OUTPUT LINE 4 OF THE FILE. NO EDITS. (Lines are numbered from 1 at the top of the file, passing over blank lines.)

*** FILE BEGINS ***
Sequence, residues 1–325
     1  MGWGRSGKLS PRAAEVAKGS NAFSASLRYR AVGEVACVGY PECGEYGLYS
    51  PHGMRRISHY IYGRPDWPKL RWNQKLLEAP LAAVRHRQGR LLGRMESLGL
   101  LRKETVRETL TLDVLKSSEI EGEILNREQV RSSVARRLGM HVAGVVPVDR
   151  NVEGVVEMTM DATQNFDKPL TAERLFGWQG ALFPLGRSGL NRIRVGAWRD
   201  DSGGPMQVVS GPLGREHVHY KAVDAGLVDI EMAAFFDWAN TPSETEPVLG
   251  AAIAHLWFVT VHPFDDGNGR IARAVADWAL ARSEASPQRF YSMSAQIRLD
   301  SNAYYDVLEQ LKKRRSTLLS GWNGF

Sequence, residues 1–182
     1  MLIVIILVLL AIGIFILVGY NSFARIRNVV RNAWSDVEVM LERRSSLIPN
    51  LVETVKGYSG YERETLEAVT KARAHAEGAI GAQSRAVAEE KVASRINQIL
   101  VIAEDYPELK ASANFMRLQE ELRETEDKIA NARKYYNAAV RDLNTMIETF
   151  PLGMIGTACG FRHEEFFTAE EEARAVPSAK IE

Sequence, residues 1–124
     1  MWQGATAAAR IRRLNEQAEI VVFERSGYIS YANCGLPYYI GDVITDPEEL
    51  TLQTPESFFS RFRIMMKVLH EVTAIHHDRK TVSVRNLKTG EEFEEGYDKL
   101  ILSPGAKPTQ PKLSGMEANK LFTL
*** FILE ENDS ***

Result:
   101  LRKETVRETL TLDVLKSSEI EGEILNREQV RSSVARRLGM HVAGVVPVDR